Coming off an 8-5 season, the University of Wisconsin football team had many skeptics, a legion of people from near and far who thought the program was headed downhill after it had averaged 10 wins a year since 2009.
Five games into this season, most of those skeptics have been converted. Or, in this case, re-converted.
UW is 5-0, ranked eighth and the only team in the nation that hasn’t trailed all season. Its offense ranks 11th in scoring and its defense ranks first in just about every major statistical category in the 130-team Football Bowl Subdivision.
As dominant as UW has been through five games, however, there is still a bit of doubt. Fueled largely by the offense’s struggles against Northwestern two weeks ago, there remains a fair amount of angst that the Badgers’ traditionally one-dimensional offense will return to Earth as soon as it runs into an elite defense.
Well, the elite-defenses portion of the schedule has arrived. Starting with Saturday’s Big Ten Conference game against Michigan State at Camp Randall Stadium, UW will face some of the nation’s best defenses in three of its next four games, defenses that possess All-America candidates plus talent and speed on all three levels.
The Spartans are ranked a very misleading 22nd in total defense, a number inflated when Ohio State’s dynamic offense hit Michigan State for 323 rushing yards and 529 total yards last week. Before that, the Spartans stood seventh in total defense.
That was still below Ohio State and Iowa, which UW will face following a game at Illinois. The Buckeyes are ranked third in total defense, the Hawkeyes fifth.
The numbers don’t lie. UW’s offense will be put to the test over the next month, starting with Michigan State, which is 4-2 and was a fixture in the top 25 until its 34-10 loss to Ohio State.
“It’s going to be awesome,” left tackle Cole Van Lanen said. “It’s going to be a challenge, but you want the challenge. You come out ahead on a challenge like that and it really just shows how good you are. I’m excited for it.”
Don’t worry, the Badgers aren’t looking ahead to Ohio State and Iowa. They know Michigan State’s defense is at least the equal of those two units and, of the three, probably matches up best against them because the Badgers rely so heavily on the running of tailback Jonathan Taylor and Michigan State might have college football’s best front seven against the rush.
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A year ago, Michigan State led the nation in rushing defense. Six starters from the Spartans’ front seven are back, including tackles Raequan Williams and Mike Panasiuk, end Kenny Willekes and middle linebacker Joe Bachie. If you haven’t heard of them, you will when the All-Big Ten and All-American teams come out. Michigan State ranks 21st against the rush this season, but was fourth before the Ohio State game, so nothing much has changed.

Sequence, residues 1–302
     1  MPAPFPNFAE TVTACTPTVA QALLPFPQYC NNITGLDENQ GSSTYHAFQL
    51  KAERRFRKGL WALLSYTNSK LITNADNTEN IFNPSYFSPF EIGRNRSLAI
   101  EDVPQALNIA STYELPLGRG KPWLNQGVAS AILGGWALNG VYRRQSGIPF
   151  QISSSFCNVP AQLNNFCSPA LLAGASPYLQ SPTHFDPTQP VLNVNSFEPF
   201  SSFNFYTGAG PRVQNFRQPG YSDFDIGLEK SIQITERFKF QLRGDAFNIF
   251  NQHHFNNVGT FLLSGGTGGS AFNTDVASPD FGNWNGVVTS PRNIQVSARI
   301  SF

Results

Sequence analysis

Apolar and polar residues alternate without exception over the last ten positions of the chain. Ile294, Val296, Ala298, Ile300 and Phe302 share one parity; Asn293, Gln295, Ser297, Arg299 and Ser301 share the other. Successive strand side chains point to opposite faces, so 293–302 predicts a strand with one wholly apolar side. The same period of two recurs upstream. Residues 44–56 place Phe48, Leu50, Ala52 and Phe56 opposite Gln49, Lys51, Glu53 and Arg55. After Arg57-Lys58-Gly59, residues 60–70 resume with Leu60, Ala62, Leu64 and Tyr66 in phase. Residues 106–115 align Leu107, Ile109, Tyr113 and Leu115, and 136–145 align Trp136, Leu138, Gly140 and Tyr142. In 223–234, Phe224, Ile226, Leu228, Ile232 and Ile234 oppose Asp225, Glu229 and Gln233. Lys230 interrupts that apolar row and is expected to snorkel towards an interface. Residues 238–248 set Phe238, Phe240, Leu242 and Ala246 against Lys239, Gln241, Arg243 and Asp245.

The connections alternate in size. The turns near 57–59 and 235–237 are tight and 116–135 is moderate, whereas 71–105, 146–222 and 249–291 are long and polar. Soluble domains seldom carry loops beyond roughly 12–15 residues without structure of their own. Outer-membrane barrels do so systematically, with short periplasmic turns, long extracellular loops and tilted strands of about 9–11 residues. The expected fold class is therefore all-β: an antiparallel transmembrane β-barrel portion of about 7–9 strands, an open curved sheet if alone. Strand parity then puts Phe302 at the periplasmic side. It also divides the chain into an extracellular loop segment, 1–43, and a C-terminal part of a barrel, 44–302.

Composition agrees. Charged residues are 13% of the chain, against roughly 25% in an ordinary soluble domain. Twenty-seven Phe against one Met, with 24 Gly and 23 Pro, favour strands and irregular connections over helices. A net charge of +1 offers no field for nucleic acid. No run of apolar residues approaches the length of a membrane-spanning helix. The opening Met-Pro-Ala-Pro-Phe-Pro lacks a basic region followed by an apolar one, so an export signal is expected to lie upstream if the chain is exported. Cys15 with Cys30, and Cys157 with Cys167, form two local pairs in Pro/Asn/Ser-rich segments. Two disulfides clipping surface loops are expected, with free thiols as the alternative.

Saturday’s game likely will turn on this matchup of strength versus strength, this battle royale for dominance along the line of scrimmage.
“It’s exciting because you know that you’ve worked all season and now it’s your time to really get put to the test,” said Taylor, who is second in nation with 149 rushing yards per game. “It’s time to strain, it’s time to fight and see who wants it more. You never really rise to the occasion, you always fall to the level of your training. We know we put in a lot of training and a lot of hard work in the offseason, so we know we’re ready.”
Northwestern’s defense, ranked 30th nationally, held UW to season lows of 243 yards and 24 points. Perhaps more than any other defense, however, Northwestern has the secret and the type of personnel to make UW sweat. In the Badgers’ other four games, they’ve averaged 48.3 points and 510.3 yards per game.
Most assuredly, Michigan State coach Mark Dantonio and his staff have worn out the video of the Badgers-Wildcats game, making UW’s challenge even more difficult. Moreover, the Spartans were stung by what happened against the Buckeyes and are openly seeking redemption.
UW’s offense must do two things to make Saturday a success. It must establish the run with Taylor, who has rushed for 100 or more yards in 27 of his 32 career games, including the past 10. And it must get quarterback Jack Coan and his deep corps of wide receivers more involved than they were against Northwestern, when coach Paul Chryst seemed to lose faith in what had been an improved, more versatile passing attack.
Now that the rebuilt line has five games on its collective resume, the Badgers are as ready as they’ll ever be.
“At times,” offensive coordinator Joe Rudolph said, “everything’s exactly the way you like it and, at times, it’s not. Which leans towards consistency and that’s what separates good teams from great teams. If you can consistently be the good you, if you can consistently execute well, if it isn’t the one guy on this play, the one guy on that play — it’s hard for 11 guys to be consistently the good them through a series, through a game — that’s the battle. That’s the battle every day. ... We haven’t yet reached that consistency level, but we’re flirting with it a lot. We’re going to keep grinding, keep pushing to that.”
The Badgers have quieted the skeptics. Now it’s time to see if they can silence them for good.